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Race equality chair talks about motivation, the key to progress, and her hopes for the future

In an ideal world, issues of racial inequality and injustice would be a thing of the past and Jenny Agha would be part of a network of people who “grow tomatoes and put pictures of them on Instagram”.

But the world is far from ideal and, instead of spending time tending her picture-perfect toms, Jenny is part of a very different type of network – one that is working hard to combat the inequalities that are still prevalent in society.

Most members of the King’s Race Equality Network have first-hand experience of discrimination and the memories of those injustices are what spurred many to join, reminding them that, despite much progress, there is lots still to do in order to address the myriad issues that affect people from all walks of life.

Faced with such an enormous task, it’s difficult to know quite where to begin but, according to Jenny, involving as many people as possible in the process is the best place to start.

“The network is really diverse. It’s not just for ‘people of colour’,” she said. “What drives all of our members is a little different and that means we can bring attention to different issues that affect different communities.

“We have held events with the Jewish community, for example, we have held events for the south Asian community. We have held events for lots of different people and everyone has a different reason for joining and taking part.”


For her own part, Jenny, a member of the professional services team in the School of Politics and Economics, joined the network in 2019. Initially asked to help with the website, Jenny quickly became a member and, some 18 months on, she is now co-chair.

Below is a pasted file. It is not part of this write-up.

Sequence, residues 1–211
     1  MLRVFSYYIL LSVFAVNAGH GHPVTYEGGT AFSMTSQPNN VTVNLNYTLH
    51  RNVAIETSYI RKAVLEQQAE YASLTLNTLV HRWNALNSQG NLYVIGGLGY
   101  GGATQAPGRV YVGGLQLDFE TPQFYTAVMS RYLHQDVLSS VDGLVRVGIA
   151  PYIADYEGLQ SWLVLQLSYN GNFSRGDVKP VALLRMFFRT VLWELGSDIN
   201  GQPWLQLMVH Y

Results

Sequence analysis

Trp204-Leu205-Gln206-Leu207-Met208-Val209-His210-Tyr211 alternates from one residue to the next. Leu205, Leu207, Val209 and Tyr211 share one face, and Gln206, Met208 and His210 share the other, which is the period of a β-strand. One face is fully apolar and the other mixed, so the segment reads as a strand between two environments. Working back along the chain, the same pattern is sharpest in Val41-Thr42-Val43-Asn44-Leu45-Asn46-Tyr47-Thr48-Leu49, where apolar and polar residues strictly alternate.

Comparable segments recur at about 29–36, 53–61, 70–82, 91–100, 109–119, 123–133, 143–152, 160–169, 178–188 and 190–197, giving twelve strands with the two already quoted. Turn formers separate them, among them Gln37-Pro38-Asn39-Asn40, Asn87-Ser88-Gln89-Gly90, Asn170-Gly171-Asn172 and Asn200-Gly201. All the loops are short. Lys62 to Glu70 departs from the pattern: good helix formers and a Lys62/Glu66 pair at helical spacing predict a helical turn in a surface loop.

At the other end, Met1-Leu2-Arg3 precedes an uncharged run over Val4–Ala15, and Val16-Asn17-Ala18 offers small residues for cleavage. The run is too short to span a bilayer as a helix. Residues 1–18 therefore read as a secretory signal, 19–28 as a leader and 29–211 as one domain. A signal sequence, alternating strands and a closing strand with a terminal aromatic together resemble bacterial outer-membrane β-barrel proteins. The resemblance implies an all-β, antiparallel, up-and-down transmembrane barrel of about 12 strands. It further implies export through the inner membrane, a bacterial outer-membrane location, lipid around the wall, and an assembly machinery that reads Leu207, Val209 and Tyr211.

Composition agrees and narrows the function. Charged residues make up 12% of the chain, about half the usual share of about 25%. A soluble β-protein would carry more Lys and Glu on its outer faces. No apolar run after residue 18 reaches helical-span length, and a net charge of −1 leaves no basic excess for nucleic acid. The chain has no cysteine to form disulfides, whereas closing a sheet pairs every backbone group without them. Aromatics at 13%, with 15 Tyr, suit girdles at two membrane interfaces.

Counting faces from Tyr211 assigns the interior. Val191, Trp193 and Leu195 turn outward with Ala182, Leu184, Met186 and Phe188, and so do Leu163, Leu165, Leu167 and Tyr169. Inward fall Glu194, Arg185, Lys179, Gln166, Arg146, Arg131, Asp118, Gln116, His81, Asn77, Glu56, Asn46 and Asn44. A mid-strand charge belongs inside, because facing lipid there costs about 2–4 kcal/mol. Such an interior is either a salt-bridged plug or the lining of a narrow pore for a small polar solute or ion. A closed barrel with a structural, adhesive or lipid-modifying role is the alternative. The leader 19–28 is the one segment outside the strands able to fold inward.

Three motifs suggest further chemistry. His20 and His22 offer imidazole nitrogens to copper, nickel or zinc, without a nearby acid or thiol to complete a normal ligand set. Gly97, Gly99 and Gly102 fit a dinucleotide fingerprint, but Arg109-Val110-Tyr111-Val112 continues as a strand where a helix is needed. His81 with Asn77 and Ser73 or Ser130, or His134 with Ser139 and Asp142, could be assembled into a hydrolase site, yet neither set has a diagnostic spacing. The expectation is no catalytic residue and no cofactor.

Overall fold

In that relatively short time, the network has been at the forefront of several high-profile events, including welcoming activist and musician Akala to King’s, supporting the Black Lives Matter movement in London, and hosting a packed programme of events for Black History Month.

And, with the emergence of COVID-19, the network has again found itself at the front of battles for equality – bringing attention to disparities in health outcomes, educational attainment and income, as well as highlighting the experience of Asian students targeted for abuse over the emergence of the pandemic itself.

Jenny is aware, however, that despite all that has been achieved during her time with the network, there are limits to how much can be done by a relatively small group.

“Most of us do this because we have experienced racism and it’s very personal to us. We want to make sure what we do counts but, when you think about something like racism, we can only do so much with a network of six volunteers,” said Jenny.

“It would be great if the university had something like an official institute [for equality], like the Institute for Women’s Leadership, that could be paid and work alongside the university’s diversity and inclusion team and form a ‘family’ with other people and networks at other universities.”

For the moment, though, Jenny says she is “proud” of the work the network has done and the way in which it has grown and started to engage with university leaders since she joined last year, something that gives her hope for the future.

“The way in which the network has grown and how diverse it is is something I’m incredibly proud of. The diversity of it is key and ensuring people don’t just stay in their own groups.

“I have also seen how we have been able to influence things at the university, which is great. It hasn’t just been all about negativity either. King’s is so massive and full of incredible people who, through doing all this work, I have been able to meet.”

In this story

Jennifer Agha

Technology Enhanced Learning Officer, SSPP

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